The Regal Stir Technique Adds Subtle Citrus Flavor to Cocktails

It was perhaps the 20th variation of the Turf cocktail that the Gage & Tollner team had tried, St. John Frizell remembers, as the bar team prepared to reopen the storied steakhouse last spring. “The Turf was an important drink to me,” says Frizell. “I knew it was this forgotten Martini variation; I thought it was one we might become known for.” But it just wasn’t working. 

“I wanted to put a little more citrus flavor to it,” he remembers. “I love an orange twist, but an orange twist in this case was really wrong. You don’t want all that orange in your nose when you’re drinking a Martini.” He tried experimenting with a splash of orange liqueur, but “no quantity of Cointreau was small enough.” 

The solution came in the form of an unorthodox technique—stirring the drink with a piece of orange peel. It’s a practice akin to the regal shake, which involves adding a swath of citrus to the cocktail shaker; both add nuanced aromatics and essential oils from the peel by incorporating it into the body of the drink instead of having it sit on top.

Frizell credits Jelani Johnson, at the time Gage & Tollner’s head bartender, for coming up with the solution. The drink had already been solidified with a base of Junipero gin and Dolin dry vermouth, plus small amounts of maraschino liqueur and Pernod.

Johnson, now assistant distiller at Great Jones Distillery, was inspired by the original Turf recipe, which called for orange bitters. He first started playing with the technique while at Brooklyn’s Clover Club, where he “stumbled upon” the idea of stirring a lemon peel into a Chrysanthemum to dry out the drink made with a sweeter-style blanc vermouth. It worked, while also adding a subtle change in texture. “Since then, stirring with a twist is a trick I incorporate often to add oily mouthfeel and citrusy flavor to stirred cocktails,” he says. (Case in point: the expressed orange twist stirred into his Rum Old-Fashioned.)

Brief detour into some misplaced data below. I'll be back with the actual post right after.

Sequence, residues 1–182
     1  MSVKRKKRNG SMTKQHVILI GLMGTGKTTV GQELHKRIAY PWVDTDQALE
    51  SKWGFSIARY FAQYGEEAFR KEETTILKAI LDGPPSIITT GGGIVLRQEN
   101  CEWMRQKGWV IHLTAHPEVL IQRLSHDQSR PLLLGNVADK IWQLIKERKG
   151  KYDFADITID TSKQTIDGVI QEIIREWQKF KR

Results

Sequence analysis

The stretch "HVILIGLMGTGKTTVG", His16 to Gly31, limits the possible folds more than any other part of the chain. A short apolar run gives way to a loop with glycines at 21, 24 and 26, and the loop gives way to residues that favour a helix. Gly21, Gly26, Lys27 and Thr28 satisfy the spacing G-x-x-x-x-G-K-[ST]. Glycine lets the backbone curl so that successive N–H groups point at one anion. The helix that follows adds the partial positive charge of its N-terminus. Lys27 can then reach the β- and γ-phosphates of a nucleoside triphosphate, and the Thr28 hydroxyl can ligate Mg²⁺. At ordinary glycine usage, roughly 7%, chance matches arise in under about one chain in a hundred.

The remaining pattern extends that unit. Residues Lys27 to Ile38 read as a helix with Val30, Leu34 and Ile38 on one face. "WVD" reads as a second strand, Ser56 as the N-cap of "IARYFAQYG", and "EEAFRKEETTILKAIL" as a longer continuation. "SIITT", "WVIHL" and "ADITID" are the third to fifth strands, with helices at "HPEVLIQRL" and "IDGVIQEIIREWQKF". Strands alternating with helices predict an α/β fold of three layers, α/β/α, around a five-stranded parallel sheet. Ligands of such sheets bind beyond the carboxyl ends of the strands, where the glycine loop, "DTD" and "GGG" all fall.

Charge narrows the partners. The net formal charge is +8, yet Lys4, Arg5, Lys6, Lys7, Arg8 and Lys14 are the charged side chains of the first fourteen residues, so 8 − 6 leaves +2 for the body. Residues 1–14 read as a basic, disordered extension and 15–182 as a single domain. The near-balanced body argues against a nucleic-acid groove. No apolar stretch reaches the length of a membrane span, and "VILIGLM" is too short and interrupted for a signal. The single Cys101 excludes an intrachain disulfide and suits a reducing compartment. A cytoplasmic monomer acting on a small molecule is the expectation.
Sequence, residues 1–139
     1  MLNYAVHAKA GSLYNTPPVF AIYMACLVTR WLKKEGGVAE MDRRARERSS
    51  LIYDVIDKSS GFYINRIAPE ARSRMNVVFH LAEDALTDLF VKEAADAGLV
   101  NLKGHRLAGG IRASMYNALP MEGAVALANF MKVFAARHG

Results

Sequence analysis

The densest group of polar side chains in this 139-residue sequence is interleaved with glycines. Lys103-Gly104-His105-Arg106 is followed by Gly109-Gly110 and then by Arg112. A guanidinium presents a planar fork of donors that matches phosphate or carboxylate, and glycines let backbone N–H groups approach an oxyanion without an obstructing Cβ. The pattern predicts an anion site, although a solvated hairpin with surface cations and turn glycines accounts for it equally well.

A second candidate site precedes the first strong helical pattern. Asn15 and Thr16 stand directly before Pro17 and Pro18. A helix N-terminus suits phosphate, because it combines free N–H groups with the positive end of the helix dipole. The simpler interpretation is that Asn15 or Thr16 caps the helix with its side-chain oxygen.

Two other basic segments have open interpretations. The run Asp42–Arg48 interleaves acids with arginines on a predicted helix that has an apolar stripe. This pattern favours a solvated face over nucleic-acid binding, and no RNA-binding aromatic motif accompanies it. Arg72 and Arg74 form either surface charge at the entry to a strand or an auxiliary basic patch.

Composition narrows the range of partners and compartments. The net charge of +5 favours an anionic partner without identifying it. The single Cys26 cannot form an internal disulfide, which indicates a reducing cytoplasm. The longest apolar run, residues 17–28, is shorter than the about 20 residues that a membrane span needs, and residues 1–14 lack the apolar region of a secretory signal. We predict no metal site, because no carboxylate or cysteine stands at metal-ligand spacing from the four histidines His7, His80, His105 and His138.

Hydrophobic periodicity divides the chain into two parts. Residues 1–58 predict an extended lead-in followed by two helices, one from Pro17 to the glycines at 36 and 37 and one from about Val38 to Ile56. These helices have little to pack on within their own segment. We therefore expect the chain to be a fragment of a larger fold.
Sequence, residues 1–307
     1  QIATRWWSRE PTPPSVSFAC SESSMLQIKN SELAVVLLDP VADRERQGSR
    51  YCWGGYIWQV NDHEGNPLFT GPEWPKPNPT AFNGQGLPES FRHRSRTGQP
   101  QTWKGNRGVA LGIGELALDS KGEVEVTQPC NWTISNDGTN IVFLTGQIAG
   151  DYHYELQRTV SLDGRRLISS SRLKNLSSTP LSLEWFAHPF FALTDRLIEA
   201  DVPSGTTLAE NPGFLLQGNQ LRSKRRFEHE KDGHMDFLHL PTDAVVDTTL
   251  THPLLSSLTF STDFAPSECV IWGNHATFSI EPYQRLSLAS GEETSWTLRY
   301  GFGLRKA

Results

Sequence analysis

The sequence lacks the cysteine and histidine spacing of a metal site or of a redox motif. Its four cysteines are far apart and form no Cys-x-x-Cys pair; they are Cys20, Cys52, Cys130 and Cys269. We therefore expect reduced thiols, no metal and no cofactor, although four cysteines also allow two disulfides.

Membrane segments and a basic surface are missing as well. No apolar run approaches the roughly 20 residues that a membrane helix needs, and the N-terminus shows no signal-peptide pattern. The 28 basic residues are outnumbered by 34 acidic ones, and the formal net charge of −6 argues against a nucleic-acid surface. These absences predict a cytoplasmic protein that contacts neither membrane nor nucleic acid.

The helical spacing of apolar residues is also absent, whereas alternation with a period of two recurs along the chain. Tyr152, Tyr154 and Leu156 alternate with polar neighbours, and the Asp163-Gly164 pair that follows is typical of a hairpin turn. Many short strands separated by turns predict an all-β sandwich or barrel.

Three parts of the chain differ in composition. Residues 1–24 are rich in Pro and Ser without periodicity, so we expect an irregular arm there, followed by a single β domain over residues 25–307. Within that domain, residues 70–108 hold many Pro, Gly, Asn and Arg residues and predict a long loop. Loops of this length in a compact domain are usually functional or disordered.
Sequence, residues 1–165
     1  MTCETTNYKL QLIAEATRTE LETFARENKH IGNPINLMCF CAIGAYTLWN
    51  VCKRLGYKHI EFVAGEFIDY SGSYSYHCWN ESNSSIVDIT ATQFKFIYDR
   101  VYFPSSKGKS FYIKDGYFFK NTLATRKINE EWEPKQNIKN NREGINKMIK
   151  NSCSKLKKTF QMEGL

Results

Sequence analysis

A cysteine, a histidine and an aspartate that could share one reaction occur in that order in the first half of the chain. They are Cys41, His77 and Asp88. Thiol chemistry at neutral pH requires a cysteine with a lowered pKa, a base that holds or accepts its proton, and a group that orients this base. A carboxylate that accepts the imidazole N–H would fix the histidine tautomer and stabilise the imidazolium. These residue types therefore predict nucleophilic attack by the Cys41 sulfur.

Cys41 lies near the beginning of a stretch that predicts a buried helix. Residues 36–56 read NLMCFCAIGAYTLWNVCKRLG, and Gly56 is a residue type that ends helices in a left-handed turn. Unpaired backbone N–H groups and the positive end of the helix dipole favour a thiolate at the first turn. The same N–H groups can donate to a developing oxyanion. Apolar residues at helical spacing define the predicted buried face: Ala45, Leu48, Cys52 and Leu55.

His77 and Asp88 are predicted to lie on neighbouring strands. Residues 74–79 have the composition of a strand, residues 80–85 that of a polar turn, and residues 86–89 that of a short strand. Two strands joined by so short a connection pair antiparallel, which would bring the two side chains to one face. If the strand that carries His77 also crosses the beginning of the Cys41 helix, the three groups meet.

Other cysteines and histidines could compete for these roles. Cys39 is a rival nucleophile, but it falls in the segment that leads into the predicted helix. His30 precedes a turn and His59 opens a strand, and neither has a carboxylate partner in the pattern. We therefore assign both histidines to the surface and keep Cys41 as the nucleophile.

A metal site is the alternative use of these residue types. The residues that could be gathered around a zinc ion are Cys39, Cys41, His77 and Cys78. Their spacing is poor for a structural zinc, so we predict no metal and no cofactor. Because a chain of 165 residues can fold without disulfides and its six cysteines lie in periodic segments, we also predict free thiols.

Of course, the technique isn’t exclusive to Gage & Tollner, nor does it always involve citrus peel. Stirring a drink with coffee beans is a common application (and one Frizell recalls employing at Fort Defiance, his now-closed bar). Elsewhere, Dan Greenbaum, of Attaboy, stirs mint into his Lifetime Ban, a reverse-Martini variation.

Citrus works particularly well in this technique since the essential oils from the peel add nuanced aroma and texture; some find the pith adds pleasing bitterness or dryness as well. Frizell imagines extending the technique to stir orange peels in a Manhattan, or lemon or grapefruit peels in an El Presidente: “We’re definitely going to try it in other drinks in the future.”

Just don’t expect powerful amplification from the “regal stir.” Frizell likens the effect to adding another botanical to gin. “It’s pretty subtle, I’ll be honest,” he says. Yet, for some cocktails—like the Turf—it makes a significant difference.

“The bottom line is, it really makes the drink,” he says. “It’s not as good without.”

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